Kenneth Leon Roberts – Artist

Illustrations sold at https://www.etsy.com/shop/TheeOldePeddler

A Personal View by an Artist.

Cherry Blossom and Teddy illustration by Kenneth Leon Roberts

A Personal View by an Artist.

Art appreciation is a term that requires knowing the different attributes of various art processes, qualities, time periods, styles and art techniques. It is an ability to appreciate the nuances of various art pieces.

As an artist, I view art appreciation in a little different light. I view it as a personal fondness of certain characteristics that appeal to me or my audience.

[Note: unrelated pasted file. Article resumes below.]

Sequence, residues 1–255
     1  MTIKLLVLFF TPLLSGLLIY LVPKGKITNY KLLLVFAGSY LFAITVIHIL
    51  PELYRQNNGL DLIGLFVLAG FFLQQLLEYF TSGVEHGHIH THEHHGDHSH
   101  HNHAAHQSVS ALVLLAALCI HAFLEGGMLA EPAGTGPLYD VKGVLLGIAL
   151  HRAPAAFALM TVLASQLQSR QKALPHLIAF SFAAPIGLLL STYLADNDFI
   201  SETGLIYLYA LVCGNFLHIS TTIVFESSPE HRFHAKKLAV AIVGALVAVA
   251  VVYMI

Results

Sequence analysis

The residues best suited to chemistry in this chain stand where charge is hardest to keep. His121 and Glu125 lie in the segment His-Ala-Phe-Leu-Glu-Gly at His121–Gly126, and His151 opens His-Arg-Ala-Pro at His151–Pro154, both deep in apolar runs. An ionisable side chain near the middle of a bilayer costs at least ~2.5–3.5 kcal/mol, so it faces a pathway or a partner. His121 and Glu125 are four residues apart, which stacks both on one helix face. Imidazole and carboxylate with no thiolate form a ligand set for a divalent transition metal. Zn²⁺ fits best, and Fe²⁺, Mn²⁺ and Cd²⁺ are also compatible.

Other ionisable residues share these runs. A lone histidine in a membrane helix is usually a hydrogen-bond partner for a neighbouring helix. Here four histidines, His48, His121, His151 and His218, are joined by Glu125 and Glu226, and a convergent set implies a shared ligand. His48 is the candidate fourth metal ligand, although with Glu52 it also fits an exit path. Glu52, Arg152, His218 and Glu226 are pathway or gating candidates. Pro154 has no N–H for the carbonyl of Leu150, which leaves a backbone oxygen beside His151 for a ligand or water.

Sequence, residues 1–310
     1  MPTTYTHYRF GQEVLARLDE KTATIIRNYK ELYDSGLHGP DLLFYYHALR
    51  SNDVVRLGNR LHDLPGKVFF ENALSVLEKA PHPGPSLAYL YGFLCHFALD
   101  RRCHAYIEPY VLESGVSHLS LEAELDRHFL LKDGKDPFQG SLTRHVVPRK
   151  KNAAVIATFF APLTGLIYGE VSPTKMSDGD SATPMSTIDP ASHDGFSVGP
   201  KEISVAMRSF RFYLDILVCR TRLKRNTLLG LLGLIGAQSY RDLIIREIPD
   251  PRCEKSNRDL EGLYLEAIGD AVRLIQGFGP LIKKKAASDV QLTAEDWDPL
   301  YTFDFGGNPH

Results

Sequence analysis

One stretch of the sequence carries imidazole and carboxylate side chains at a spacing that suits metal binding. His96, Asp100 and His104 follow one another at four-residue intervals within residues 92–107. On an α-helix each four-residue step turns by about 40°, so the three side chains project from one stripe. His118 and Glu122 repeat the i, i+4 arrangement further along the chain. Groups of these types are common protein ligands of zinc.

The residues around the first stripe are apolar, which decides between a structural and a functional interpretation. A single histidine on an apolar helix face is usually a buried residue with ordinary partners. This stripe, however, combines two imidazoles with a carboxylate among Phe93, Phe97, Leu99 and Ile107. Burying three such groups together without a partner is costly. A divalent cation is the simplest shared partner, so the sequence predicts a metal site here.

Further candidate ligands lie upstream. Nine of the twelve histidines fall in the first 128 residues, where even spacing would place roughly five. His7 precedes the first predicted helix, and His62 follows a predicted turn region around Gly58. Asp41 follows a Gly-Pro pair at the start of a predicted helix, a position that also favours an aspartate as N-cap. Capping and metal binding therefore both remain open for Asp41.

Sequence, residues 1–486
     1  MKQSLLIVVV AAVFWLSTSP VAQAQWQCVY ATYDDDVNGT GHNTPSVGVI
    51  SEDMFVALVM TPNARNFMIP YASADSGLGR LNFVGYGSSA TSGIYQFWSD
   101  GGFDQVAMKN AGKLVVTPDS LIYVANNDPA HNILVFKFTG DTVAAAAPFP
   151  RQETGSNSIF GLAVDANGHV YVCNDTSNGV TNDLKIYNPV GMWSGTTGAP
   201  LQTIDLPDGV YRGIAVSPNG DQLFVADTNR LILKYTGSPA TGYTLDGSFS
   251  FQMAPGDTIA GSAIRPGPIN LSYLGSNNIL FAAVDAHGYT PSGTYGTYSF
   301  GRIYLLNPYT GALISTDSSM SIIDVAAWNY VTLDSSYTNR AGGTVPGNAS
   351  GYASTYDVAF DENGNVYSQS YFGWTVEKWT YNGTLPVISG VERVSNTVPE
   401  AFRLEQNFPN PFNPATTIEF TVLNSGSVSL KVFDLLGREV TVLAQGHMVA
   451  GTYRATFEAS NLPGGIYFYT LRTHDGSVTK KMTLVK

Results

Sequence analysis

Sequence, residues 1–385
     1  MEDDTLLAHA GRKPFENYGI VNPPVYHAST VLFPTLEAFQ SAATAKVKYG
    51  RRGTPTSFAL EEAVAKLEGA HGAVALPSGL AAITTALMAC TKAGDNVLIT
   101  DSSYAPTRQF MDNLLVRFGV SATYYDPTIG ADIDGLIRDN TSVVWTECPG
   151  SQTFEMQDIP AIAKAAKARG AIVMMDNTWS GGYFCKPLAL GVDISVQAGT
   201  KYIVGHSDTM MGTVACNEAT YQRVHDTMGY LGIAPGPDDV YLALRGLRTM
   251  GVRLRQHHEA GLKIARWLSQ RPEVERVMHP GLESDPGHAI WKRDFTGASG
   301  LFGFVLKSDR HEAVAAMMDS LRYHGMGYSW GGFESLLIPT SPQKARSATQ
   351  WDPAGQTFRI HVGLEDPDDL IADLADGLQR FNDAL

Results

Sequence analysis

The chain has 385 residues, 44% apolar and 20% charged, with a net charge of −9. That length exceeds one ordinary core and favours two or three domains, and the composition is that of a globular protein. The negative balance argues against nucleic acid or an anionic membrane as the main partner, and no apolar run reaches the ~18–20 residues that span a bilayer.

One art piece can be marvelous to one person and loathed by another. All as a matter of personal preference. To appreciate it without liking it requires a informed appreciation of the process.  A true sense of art appreciation.

Most art lovers, I feel do not go that far. They have their likes and dislikes based solely on emotion and feelings. For that reason, art appreciation in a broader sense is just personal preference.

As an artist, I always hope that someone will appreciate my work just because it speaks to them. The truest meaning of art appreciation.

Kenneth Leon Roberts – Artist

Illustrations sold at https://www.etsy.com/shop/TheeOldePeddler

Red Roses – The Story Behind the Art

Red Roses – The Story Behind the Art

This illustration “Red Roses” by Kenneth Leon Roberts is a representation of the traditional red rose. Red roses are the symbol of love, and they are a classical way of saying, “You are someone special.” Nothing says, “I love you” better in the night than a bouquet picked just for you.

Illustration sold at https://www.etsy.com/shop/TheeOldePeddler